PlayStation Vita: the progress and the plan

Sorry that it’s been a while since I’ve said anything about the Vita. I was caught by surprise the last time of all the media attention from just a simple call for help. While I still don’t want to say too much right now, I do want to answer some common questions I’ve been getting and also go over what needs to be done.

If this is news to you, please read this interview I’ve done a while ago about it.

Did you hack the Vita? That’s a very vague question. What I have done, is run native code on the Vita with the same permissions as the game being exploited. This means I can load homebrews written and optimized for the Vita’s CPU and take full advantage of the CPU speed and RAM (unlike the PSP emulator or PSM, both impose artificial limits on resources and system functions). What has NOT been done (yet) is unlocking the system completely for tasks like USB interfacing, custom themes/system mods/plugins, and (fortunately) pirating games.

What’s UVLoader and how far along is it? The last I’ve spoken, I was beginning work on UVL and asked for any help I could get. Even though, I did not really get help, I did find people who were interested in what I was doing and we exchanged information. I also want to brag that I finished the main functionalities of UVL in a couple of weeks, and it has been “done” for about three months now. (Quotes around “done” because I decided to not worry about some features yet). That means, I can basically load most (most being the few that I manually built without an open sdk) compiled homebrews. You can run your standard hello worlds and spinning cubes and such, but in theory, it should load any homebrew built.

When’s the release? What’s taking so long? So as I’ve said, the loader was done three months ago. I have a couple of reasons for not releasing yet. The main reason is that currently, there is no open SDK for compiling and linking Vita homebrew like pspsdk did for the PSP. That means, even with the loader, it would be useless for users because there are no homebrew games, emulators, etc to run, and it would be useless for developers because they can’t build homebrews either. So what’s the progress on the open sdk? Zero, as I’m typing this right now. I have an idea of what it should look like and I spoke to a couple of people who are interested in helping, but so far, no code is written. Why is that? Because for me, I am very busy with lots of other unrelated things, and unfortunately, only me and a handful of other people know enough about the device and the executable format and etc to make the open sdk and none of us have the time currently.

The second reason is that having a Vita exploit at this stage (when it is really hard to find exploits) is very rare if not a once in a lifetime thing. Me and others I’ve talked to agree that right now it’s more important to use this exploit to gather more information about the system in order to find more exploits and such than it is to run homebrews right now. We have PSM for homebrew games and PSP emulator for homebrew emulators, so there really isn’t a huge demand for native PSVita homebrews yet. As I’ll expand on below, we’ve only scratched the surface of Vita hacking and there’s so much more to see.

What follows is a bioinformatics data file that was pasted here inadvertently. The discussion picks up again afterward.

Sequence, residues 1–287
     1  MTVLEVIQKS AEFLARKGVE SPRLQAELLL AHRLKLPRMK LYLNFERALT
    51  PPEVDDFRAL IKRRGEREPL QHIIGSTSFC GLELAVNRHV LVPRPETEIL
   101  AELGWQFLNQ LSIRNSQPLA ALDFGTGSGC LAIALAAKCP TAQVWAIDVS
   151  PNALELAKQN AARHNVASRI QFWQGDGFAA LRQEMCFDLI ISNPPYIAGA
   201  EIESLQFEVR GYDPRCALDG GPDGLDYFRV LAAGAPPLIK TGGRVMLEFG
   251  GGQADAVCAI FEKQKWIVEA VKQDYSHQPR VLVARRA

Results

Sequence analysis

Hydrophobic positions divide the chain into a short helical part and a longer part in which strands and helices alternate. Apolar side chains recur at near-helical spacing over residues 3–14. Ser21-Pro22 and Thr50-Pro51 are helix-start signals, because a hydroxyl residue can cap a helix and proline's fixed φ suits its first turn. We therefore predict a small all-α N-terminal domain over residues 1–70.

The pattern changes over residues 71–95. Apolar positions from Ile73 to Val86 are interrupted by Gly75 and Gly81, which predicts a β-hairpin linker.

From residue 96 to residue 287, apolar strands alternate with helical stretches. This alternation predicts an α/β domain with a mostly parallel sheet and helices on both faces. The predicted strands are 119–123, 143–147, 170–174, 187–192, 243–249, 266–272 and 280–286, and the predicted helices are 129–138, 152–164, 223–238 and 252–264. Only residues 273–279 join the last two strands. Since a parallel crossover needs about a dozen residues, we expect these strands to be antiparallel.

Are you looking for testers/can I test UVLoader? There’s no need to “test” UVLoader right now because, as I’ve stated before, there isn’t any compiled homebrew and nothing to compile them anyways. Yes, UVL works with some of the custom still I’ve built manually, but it is unwise to write complex stuff without a working SDK.

Can help? Depends who you are. If you’re an established reverse engineer, you know how to contact me. If you just want to “beta test,” read above. If you know any other way of helping me, don’t ask, just do it™, since UVL is open source. Even though I don’t accept monetary donations before I release anything, if you have access to broken Vitas, memory cards, games, etc, or any unused hardware reversing tools like logic analyzers; anything you wouldn’t mind parting with, one of the things me and others involved don’t have access to is funds for materials to test some of the more… risky ideas and if you could help with that respect, just use the contact link at the top of the page to get in touch with me.

What needs to be done to “hack” the Vita? Again, that term is very vague, but I know what you mean. This is the perfect time to describe (as far as I know) the Vita’s security structure and what needs to be done at each level.

PSP emulator

I’ll start with the PSP emulator just because that is what’s “hacked” right now. How much control do you have of the Vita when you use vHBL? Almost none. On the PSP itself, games are “sandboxed” (meaning some other process tells it what functions of the PSP can be used by the current game, main thing being that one game can’t load another game). Because the Vita emulates the PSP, it also emulates this structure.

PSP kernel

One level up, we have “kernel exploits” on the PSP, which means that we are no longer limited to what functions of the PSP we can use. Any PSP function that is emulated by the Vita can be used, that’s why you see ISO loading as the main thing. However, all of this, the PSP emulator, sits in the Vita game sandbox. This sandbox is just like the PSP one, in that another Vita process tells the game (in this case, the PSP emulator running some PSP game) what Vita functions can be used in a similar fashion. For example, if a game doesn’t explicitly declare that it’s going to use the camera or bluetooth (and Sony approves), any code that tries to use these functions will crash.

Vita userland